At the Christmas Conference of 1784, when the Methodist Episcopal Church was organized, all legislation on the subject of tobacco was repealed, except the band rule against it, and in 1792 that rule was also repealed. Whether this retrogression is to be attributed to a secret love of the drug among the preachers themselves, or to the acquisition of light not possessed by Wesley, or to the difficulties in the way of enforcing the rules, it might not be safe for us to decide. Nor will we even conjecture the fate of the Church if the rule had been made general, and rigidly enforced, whether Methodism would have been stronger and purer than it now is, or whether its commission to "spread holiness through these lands” would have become null and void. One thing, however, seems tolerably clear, if the habit of using tobacco is commendable among Christians, our Church ought to cease publishing tracts against it, and strike out No. 127 from the list.
ART. III.—THE MORAL THEORY OF THE BIBLE AND OF
The paradox between moral philosophy and theology lies in this : that the former restricts the moral region exclusively to the action of the will, while the latter extends it to the thoughts, sensibilities, and physical functions, nay, even to the undeveloped capacities and tendencies of our entire nature. Moral science ascribes the moral quality of the actions to the intentions, that is, to the choice of what the conscience approves or disapproves; not to the ideas of it, nor the feelings respecting it, nor to the overt acts; these have in themselves no moral character whatever, and are absolutely incapable of it; all the right or wrong in any wise applicable to them is to be traced to the volitions, and properly belongs to the volitions alone. The Bible, on the other hand, not only attributes right and wrong to the intentions, and even goes so far as to blame us for doing what God has not forbidden, provided we think it wrong, or even doubt that it is right, as in eating meat that had been once offered to idols; but it also declares that we are by nature the children of wrath," and that “death passed upon all men for that all have sinned,” and accounts for it by our descent from Adam : “As by one man's disobedience many were made sinners.” Now, here is an apparent contradiction between science and revelation! How can we reconcile them? Here is the problem of ages, and far more important than that of reconciling the discoveries of geology with the Mosaic account of the creation; for that has troubled only the learned, and those who are so situated as to read the rocky records of the preAdamite world; but this has perplexed all serious minds, and is perpetually pressed upon the attention by the ever varying aspects of our experience. Miss Catharine Beecher, in her work, " Common Sense applied to Religion,” has expressed the agonized feelings of thousands who have tried in vain to understand these mysteries by the aid of popular theological systems: "There must be a dreadful mistake somewhere, but I will trust, and obey, and wait quietly for light.”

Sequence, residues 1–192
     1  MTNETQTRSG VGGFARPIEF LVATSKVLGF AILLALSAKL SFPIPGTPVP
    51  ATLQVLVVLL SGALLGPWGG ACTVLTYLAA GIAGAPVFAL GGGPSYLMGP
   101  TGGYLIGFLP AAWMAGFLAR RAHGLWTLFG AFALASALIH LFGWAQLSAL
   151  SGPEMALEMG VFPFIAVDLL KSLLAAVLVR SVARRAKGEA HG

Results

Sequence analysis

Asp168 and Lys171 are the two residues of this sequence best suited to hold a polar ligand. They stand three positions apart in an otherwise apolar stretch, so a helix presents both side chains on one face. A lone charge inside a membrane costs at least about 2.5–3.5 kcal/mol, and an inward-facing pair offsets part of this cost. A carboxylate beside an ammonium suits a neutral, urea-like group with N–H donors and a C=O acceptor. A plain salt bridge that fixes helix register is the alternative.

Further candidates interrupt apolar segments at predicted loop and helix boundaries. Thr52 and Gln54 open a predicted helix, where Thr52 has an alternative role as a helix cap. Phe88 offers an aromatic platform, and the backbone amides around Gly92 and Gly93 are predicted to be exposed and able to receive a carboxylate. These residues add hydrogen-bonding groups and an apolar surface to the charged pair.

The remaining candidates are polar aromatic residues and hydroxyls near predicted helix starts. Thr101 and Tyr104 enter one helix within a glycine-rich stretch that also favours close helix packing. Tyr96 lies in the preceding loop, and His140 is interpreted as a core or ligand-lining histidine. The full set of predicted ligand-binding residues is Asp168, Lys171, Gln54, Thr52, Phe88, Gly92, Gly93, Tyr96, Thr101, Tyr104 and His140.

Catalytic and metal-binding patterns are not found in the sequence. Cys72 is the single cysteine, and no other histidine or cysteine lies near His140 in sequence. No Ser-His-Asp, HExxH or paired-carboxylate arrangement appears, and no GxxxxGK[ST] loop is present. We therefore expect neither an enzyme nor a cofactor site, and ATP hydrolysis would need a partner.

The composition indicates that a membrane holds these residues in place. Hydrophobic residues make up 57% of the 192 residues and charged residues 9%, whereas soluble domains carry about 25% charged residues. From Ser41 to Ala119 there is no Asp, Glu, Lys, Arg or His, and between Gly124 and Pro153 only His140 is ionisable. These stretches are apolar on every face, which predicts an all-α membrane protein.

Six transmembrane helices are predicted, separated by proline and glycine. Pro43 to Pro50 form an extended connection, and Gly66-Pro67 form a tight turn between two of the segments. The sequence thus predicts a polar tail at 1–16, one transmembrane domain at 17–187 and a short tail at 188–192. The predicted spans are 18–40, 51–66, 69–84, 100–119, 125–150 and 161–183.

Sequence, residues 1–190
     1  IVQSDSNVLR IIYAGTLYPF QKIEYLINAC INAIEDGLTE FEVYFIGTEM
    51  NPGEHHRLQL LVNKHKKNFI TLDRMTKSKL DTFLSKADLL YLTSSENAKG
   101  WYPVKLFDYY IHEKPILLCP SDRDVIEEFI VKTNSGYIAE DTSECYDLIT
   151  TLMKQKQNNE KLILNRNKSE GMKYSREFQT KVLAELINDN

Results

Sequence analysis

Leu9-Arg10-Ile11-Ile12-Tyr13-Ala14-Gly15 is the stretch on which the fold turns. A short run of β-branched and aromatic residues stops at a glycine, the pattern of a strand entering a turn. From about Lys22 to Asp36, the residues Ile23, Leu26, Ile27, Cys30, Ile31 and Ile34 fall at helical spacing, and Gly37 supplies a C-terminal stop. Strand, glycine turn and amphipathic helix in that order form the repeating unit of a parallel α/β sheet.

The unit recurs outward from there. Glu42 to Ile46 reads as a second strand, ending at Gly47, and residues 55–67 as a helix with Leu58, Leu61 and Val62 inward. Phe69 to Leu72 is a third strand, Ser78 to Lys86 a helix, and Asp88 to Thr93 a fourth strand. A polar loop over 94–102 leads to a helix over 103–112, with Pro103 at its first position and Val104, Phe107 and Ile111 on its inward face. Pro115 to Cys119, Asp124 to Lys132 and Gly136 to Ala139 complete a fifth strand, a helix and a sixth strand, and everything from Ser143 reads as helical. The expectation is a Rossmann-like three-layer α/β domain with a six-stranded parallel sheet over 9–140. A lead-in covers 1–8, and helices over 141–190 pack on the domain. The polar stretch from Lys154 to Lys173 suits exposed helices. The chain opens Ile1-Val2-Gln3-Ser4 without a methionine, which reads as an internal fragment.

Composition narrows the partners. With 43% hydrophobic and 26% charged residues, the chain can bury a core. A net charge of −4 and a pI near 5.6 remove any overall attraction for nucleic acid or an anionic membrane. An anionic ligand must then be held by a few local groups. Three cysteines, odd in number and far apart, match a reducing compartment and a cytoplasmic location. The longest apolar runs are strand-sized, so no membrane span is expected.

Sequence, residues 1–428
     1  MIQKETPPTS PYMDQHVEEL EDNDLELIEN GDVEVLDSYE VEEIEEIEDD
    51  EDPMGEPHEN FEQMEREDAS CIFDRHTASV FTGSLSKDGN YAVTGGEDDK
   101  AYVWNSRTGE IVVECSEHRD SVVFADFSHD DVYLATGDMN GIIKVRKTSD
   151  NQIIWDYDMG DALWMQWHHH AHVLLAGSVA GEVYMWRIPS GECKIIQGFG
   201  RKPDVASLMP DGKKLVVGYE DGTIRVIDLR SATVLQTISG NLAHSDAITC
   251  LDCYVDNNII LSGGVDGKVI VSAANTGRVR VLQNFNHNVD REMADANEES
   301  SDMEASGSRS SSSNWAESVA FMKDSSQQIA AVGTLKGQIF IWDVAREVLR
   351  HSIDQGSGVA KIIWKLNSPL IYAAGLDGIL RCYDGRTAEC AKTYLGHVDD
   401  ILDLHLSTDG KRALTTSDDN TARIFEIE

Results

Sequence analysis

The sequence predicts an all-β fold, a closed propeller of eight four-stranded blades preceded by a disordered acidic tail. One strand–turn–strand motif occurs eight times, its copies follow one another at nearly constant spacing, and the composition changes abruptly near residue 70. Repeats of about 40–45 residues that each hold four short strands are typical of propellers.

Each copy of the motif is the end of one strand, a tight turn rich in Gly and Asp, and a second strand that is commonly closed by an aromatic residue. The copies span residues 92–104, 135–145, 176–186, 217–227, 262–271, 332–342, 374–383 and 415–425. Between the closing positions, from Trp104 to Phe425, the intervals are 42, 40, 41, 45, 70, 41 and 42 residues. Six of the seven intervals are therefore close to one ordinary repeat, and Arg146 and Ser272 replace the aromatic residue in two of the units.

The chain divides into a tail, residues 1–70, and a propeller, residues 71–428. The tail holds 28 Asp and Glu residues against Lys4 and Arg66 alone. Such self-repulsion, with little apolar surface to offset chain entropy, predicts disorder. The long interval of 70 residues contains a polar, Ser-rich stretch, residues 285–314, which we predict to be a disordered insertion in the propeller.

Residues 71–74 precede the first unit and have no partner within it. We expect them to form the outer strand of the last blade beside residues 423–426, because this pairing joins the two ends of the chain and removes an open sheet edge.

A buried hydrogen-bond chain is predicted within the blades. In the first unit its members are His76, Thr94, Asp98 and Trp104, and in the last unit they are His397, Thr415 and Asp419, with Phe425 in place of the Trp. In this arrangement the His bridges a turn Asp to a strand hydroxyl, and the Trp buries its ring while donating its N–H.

It is often contended that moral science is superseded by revelation. This is true, whenever the direction of revelation is beyond science; but not when it seems to come into collision with science. Many truths we should expect inspiration would disclose which could not be discovered by reason; but then science is founded on facts and formed by strict induction; it admits of no contradic
FOURTH SERIES, VOL. XI.-14